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How and when can you get a Covid-19 vaccine in Italy?

With Italy's Covid-19 vaccination campaign well underway, nearly 1.5 million people have already had both their shots. Here's how and when you can expect to get yours.

How and when can you get a Covid-19 vaccine in Italy?
Preparing a shot of the Pfizer-BioNTech vaccine in Rome. Photo: Filippo Monteforte/AFP

Getting vaccinated isn’t compulsory in Italy, but it’s strongly recommended, free, and will ultimately be offered to every resident.

With a limited supply of vaccines, however, Italy has come up with a strict order of priority that means many of us will have to wait at least a few more months before we can get immunized.

Here’s who gets to go first, and how to get in line.

Who is Italy vaccinating first?

Italy began ‘phase one’ of its vaccination campaign at the end of December, when it first started administering the Pfizer-BioNTech and Moderna vaccines to frontline health workers.

As set out in Italy’s national vaccination strategy, nursing home staff and residents were next in line. 

Despite a strong start, the roll-out stalled amid hold-ups in the supply chain. But by February, with hundreds of thousands of people in the two top priority groups fully vaccinated, Italy began extending the campaign to the general public. 

CHARTS: How many people has Italy vaccinated so far?

Its next priority group is people over 80, who are estimated to number around 4.4 million in Italy. 

But Italy revised its vaccination plan with the arrival of the first doses of the AstraZeneca vaccine, which the Italian medicines agency recommends should only be used on adults aged 65 or under.

That proviso means that the AstraZeneca vaccine is earmarked for under-65s working in key sectors including schools, universities, prisons and the armed forces, while in parallel over-80s are getting either the Pfizer or Moderna version.

Because the campaign is delivered by separate regional health services, each region of Italy has its own vaccination timetable – but most have already started offering jabs to over-80s and key workers, or will do so shortly.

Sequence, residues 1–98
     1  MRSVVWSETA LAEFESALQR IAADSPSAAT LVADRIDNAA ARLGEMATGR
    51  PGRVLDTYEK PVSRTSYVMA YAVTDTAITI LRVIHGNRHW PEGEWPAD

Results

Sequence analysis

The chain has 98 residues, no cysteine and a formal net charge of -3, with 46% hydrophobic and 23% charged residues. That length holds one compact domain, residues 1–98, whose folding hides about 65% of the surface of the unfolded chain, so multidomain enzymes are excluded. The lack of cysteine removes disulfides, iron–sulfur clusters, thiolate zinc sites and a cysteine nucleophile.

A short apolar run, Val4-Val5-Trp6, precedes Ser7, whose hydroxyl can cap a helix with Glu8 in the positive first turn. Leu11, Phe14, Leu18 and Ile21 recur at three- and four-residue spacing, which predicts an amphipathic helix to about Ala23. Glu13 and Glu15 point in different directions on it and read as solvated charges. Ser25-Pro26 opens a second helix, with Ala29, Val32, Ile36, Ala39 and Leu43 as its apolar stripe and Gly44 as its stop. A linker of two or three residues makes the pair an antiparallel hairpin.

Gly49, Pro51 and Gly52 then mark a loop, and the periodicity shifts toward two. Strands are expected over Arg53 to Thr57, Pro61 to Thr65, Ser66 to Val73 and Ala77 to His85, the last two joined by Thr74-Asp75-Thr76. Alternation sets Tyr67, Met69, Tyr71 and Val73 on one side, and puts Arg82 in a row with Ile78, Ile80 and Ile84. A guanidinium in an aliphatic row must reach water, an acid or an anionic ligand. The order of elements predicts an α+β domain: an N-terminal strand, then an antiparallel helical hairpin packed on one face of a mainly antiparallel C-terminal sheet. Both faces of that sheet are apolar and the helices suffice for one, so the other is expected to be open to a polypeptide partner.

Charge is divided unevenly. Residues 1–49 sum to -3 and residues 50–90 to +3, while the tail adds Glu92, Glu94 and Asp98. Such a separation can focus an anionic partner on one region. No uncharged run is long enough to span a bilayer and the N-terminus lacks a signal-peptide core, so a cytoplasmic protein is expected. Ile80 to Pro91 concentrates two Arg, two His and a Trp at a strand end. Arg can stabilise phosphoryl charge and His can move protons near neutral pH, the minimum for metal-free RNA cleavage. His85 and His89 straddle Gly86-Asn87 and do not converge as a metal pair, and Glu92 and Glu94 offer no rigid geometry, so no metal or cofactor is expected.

Who is next in line?

As EU regulators approve other vaccines and more doses arrive in Italy, vaccination will be extended to the groups next down the list:

  • People at very high risk of becoming severely ill with Covid-19, aged 16 up
  • People aged 75 to 79
  • People aged 70 to 74
  • People aged 16 to 69 with less severe health conditions
  • People aged 55 to 69
  • Everyone else aged 16 to 54

Find more information about Italy’s vaccine priority groups here.

When exactly these groups become eligible depends on how quickly new vaccines are approved, and how many doses arrive and when.

The national plan also says that doses can be reassigned if a new risk factor is identified or if there is a sudden outbreak in a particular area, for example.

What should I do if I’m eligible for a vaccine?

Vaccination at one of the roughly 1,500 specialised sites across Italy currently authorized to administer the shot is by appointment only. Do not go to a vaccination centre without registering first.

Most regional health services now allow eligible residents to book their jab online or by phone. You can also make an appointment on someone else’s behalf.

Depending on your region, you may be able to register via your usual doctor or in a pharmacy too.

Check your local health authority’s website or ask your GP about the procedure where you are. You’ll find links to all regional health services here